On Sunday night and early Monday morning, much of the Earth will witness a glorious heavenly event.
The night of September 27-28 will showcase a lunar eclipse coupled with a "supermoon:" a full moon that appears larger because it's at perigee, the closest point of its orbit with Earth. The concurrence is relatively rare,having not happened since 1982.
Though some observers are viewing the date with fear -- calling the eclipse a "blood moon" -- for astronomers and stargazers, the event is to be welcomed with celebration.
"It's a beautiful sight in the nighttime sky," said Mark Hammergren, an astronomer at Chicago's Adler Planetarium. "It's a way of connecting us to the universe at large. It gives us this view that there's a bigger picture than just what we're concerned with in our daily lives."
The entire eclipse, from first shadow to last, will be visible from most of the Americas -- including the eastern half of the United States -- Greenland, Western Europe, western Africa north of the equator and parts of Antarctica. Other portions of the world, including western North America, the rest of Europe and Africa and a swath of western Asia, will see most of the drama, though they'll miss the first or fading bites of the moon.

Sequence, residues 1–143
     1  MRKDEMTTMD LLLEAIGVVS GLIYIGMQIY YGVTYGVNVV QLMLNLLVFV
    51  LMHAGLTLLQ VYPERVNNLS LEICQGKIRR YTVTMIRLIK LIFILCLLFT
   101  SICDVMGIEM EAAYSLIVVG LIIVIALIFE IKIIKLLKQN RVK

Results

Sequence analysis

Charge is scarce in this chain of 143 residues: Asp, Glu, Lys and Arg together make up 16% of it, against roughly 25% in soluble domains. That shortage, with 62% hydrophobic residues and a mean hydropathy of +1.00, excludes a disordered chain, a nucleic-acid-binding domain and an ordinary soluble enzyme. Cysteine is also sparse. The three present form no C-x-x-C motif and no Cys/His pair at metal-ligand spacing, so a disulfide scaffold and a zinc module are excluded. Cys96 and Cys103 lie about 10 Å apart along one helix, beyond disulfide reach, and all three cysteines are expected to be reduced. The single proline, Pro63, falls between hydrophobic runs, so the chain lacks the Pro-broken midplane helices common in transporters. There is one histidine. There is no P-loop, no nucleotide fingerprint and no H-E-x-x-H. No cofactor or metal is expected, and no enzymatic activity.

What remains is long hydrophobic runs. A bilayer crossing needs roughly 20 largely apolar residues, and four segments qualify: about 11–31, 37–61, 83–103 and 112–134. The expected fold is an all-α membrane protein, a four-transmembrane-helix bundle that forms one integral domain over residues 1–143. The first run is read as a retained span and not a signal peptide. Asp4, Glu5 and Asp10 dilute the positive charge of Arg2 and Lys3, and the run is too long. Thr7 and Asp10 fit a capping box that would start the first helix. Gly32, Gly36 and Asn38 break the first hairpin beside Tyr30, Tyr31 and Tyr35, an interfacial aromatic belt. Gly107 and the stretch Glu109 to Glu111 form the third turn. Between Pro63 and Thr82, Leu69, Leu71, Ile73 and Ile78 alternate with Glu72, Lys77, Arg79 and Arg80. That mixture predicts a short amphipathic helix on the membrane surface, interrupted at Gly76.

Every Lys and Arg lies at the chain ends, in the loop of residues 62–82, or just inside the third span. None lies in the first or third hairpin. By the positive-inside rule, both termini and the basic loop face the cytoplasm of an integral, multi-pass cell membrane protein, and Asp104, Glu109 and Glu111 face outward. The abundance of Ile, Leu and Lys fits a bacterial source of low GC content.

How to watch the supermoon eclipse
The total lunar eclipse will last about one hour and 12 minutes, according to NASA. It will be seen in North and South America, as well as Europe, Africa, parts of West Asia and the eastern Pacific.
However, skywatchers can camp out early for the partial lunar eclipse, which will begin at 8 p.m. ET in the United States. As the planet's shadow dims the supermoon, this will create dramatic viewing opportunities for observers. The eclipse will reach its peak during the 10 o'clock hour, giving the supermoon a reddish, copper-like hue. The event should end after midnight.
Unlike solar eclipses, which need to be viewed with special eye gear, the lunar eclipse can be seen with the naked eye after nightfall.
Why this event is special
Since the orbit of the moon is not a perfect circle, there are times when the moon is closer to our planet. This is known as perigee. Sunday's supermoon will technically be a perigee full moon, the closest full moon of the year, NASA says.
"There's no physical difference in the moon," said Noah Petro, scientist for the Lunar Reconnaissance Orbiter at NASA's Goddard Space Flight Center in Greenbelt, Maryland. "It just appears slightly bigger in the sky. It's not dramatic, but it does look larger."
Lunar eclipses are common and happen twice a year. However, there are some end-times theorists who view Sunday's event as a signal for the end of the world.
Petro explained that the combination of a supermoon and eclipse happening at the same time is just planetary dynamics. "When the rhythms line up, you might get three to four eclipses in a row or a supermoon and an eclipse happening," he said.
But the last time a supermoon eclipse occurred was in 1982, making Sunday's rare event worth staying up past bedtime.